Thank You, Fred Frailey.....

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Re: Thank You, Fred Frailey.....

Postby Backshophoss » Sun Oct 07, 2018 9:33 pm

The given is Amtrak is paying the CONTRACTED pay rate to the host RR's,no more or no less.
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Re: Thank You, Fred Frailey.....

Postby dowlingm » Mon Oct 08, 2018 6:35 am

While Frailey makes the point that priority for Amtrak was not part of the original deal, presumably this was not legislated in a vacuum but rather due to the dispatching environment post 1970?
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Re: Thank You, Fred Frailey.....

Postby george matthews » Mon Oct 08, 2018 9:49 am

Amtrak should be pressing for increased speed. Modern rail practice - outside the US - is for passenger trains to travel much faster than the usual American speeds. Faster trains attract passengers in greater numbers, and away from aircraft. And travel by electrified trains at speed is an important diversion from oil polluting air travel.
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Re: Thank You, Fred Frailey.....

Postby Tadman » Mon Oct 08, 2018 11:01 am

STrRedWolf wrote:
mtuandrew wrote:In a theoretical suit, I could see the Court finding that the original RPSA contract has been fulfilled (ie the value of trackage & equipment roundly equals the value of deferred passenger obligations between 1970 and 20xx and government contributions to the railroads). Rather than address the governmental takings issue, I suspect a court would just relieve all parties of the contract and put Amtrak at square one rate-wise with the railroads. Unless the Supremes really want to make a point, I don’t see them relieving railroads from providing Amtrak access, only from providing below-market-rate access.

Disclaimer: I am not a lawyer or economist, but have studied the judicial system and have some small insight.


This still gets to my question: Is Amtrak paying below-market rates? Or at-market rates?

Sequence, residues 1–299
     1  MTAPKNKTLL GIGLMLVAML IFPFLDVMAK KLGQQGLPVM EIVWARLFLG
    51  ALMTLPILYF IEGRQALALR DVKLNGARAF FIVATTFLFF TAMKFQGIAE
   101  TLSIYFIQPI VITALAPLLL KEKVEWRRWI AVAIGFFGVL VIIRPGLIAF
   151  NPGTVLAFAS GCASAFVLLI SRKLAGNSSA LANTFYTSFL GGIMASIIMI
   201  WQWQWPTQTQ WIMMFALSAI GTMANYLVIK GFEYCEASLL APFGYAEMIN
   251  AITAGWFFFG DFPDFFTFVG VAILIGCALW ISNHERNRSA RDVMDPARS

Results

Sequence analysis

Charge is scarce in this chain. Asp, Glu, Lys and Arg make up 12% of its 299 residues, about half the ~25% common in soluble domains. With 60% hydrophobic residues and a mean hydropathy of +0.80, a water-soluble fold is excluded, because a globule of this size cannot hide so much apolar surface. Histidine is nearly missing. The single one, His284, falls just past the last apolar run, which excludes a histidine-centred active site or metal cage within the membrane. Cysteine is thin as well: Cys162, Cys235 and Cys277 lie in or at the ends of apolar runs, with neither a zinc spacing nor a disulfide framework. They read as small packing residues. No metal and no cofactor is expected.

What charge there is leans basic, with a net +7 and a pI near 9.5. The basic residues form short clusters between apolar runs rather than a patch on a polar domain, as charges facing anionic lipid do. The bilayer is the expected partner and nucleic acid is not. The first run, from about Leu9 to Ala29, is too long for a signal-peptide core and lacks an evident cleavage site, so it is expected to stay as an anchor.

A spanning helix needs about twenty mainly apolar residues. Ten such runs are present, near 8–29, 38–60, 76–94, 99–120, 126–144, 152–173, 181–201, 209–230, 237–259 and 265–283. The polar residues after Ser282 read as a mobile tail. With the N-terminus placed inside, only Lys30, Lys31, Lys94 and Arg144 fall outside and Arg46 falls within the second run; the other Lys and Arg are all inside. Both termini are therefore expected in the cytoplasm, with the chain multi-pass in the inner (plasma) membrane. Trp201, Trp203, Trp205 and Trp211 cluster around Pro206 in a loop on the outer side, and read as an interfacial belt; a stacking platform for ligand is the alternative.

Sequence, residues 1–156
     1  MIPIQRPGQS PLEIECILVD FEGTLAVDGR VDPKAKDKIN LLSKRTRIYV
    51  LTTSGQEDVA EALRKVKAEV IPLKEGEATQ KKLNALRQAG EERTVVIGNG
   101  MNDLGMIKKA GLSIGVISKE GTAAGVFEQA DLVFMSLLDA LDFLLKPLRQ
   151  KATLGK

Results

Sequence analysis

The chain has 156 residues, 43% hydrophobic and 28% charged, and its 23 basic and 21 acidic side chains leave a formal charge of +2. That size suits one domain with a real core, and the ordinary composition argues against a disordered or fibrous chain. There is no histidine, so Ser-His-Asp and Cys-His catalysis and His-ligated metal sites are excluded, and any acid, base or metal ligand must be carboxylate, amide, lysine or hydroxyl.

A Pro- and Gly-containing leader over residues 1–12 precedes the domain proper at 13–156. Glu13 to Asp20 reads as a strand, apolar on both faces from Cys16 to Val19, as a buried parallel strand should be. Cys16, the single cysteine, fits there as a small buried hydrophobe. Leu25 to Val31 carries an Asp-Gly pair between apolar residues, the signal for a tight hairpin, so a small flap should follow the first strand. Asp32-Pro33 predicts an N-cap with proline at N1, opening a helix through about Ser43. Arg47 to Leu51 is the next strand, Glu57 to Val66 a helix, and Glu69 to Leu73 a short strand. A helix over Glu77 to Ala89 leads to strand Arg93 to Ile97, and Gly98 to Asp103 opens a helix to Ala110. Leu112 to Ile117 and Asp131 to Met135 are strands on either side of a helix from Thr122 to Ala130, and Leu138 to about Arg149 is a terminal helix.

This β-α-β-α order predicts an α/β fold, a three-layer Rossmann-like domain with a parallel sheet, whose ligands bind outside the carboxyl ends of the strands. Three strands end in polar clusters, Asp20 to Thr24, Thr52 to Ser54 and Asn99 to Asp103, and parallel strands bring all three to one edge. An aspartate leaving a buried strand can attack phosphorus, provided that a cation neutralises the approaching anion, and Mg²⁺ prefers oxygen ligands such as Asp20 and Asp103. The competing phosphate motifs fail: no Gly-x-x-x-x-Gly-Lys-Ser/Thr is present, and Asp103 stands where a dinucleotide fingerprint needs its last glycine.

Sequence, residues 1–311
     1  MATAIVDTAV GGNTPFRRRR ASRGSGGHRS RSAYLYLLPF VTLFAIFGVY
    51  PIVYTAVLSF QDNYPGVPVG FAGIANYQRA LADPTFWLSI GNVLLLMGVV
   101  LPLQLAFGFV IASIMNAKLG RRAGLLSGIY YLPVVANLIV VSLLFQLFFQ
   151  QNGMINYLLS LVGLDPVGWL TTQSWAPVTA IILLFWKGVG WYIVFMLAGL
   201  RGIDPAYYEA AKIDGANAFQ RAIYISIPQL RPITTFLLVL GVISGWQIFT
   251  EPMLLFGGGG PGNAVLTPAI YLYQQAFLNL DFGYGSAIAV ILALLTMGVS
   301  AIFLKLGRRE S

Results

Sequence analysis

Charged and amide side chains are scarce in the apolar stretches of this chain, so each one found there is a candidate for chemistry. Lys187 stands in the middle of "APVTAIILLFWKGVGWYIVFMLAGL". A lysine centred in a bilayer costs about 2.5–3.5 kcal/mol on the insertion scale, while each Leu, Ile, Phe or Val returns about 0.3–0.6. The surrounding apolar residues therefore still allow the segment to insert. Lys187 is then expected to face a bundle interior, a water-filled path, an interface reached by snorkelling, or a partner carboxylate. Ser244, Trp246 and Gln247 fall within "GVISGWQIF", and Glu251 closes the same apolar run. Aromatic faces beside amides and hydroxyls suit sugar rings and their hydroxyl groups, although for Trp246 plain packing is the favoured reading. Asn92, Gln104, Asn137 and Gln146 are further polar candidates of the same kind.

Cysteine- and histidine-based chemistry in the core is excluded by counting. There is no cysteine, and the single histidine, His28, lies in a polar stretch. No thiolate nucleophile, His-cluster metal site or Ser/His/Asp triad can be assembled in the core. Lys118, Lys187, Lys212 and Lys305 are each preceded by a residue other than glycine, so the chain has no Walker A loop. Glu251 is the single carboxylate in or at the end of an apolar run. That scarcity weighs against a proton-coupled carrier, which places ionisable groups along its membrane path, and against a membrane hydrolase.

This was my point. If Amtrak were paying a market rate for their track slot, they would be a dream customer for the freight railroads. Daily unit passenger trains guaranteed forever. That's a dream customer. Since the freights don't like Amtrak, it's likely they are not a dream customer, thus are not paying market rate for their slots. The freights don't dislike passengers, they dislike the interruption a below-market passenger train creates.
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Re: Thank You, Fred Frailey.....

Postby mtuandrew » Mon Oct 08, 2018 11:17 am

Tadman wrote:This was my point. If Amtrak were paying a market rate for their track slot, they would be a dream customer for the freight railroads. Daily unit passenger trains guaranteed forever. That's a dream customer. Since the freights don't like Amtrak, it's likely they are not a dream customer, thus are not paying market rate for their slots. The freights don't dislike passengers, they dislike the interruption a below-market passenger train creates.

The Class 1s may not dislike passenger trains, but they sure aren’t interested in passengers themselves. HUGE liability to have on their rails, more than hazmat or coil cars. Let’s add that to the Amtrak market rate, above and beyond the intermodal rate.

As an aside, I’m still surprised how many railroads don’t just build a station siding where space allows. Let Amtrak sit a little while, so opposing traffic can get through.
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Re: Thank You, Fred Frailey.....

Postby electricron » Mon Oct 08, 2018 11:57 am

george matthews wrote:Amtrak should be pressing for increased speed. Modern rail practice - outside the US - is for passenger trains to travel much faster than the usual American speeds. Faster trains attract passengers in greater numbers, and away from aircraft. And travel by electrified trains at speed is an important diversion from oil polluting air travel.

Why should Amtrak ask BNSF, CP, CN, CSX, KCS, NS, and UP to provide for higher speeds when they can not get higher speeds over the entire NEC, the corridor owned by Amtrak? There are expenses associated with higher speeds that Amtrak can not fund over the 400-500 miles of rail corridor they own. Do you really think they, and I am including everyone, can afford to upgrade the over 21,000 miles of rail corridors Amtrak runs passenger trains on?

Take New York to New Haven as just one example, Amtrak has been running trains capable of faster speeds on it since its’ launch, around 50 years now, yet even today Acela and Amfleet trains run just 79 mph on it. How about getting MTA North to upgrade its’s corridor first with more than 50 passenger trains a day before asking the freights to do so for just two trains a day?

ARRA funding program distributed billions of dollars for supposedly high speed trains, and after 10 years less than 400 miles of rail corridors have seen maximum speed increases resulting from it. At best, the tracks between Chicago and St. Louis and Chicago to Detroit will see higher maximum speeds greater than 79 mph. ARRA funding used in Vermont increased maximum speeds to 60 mph, and many consider that a success! :( :(
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Re: Thank You, Fred Frailey.....

Postby mtuandrew » Mon Oct 08, 2018 12:42 pm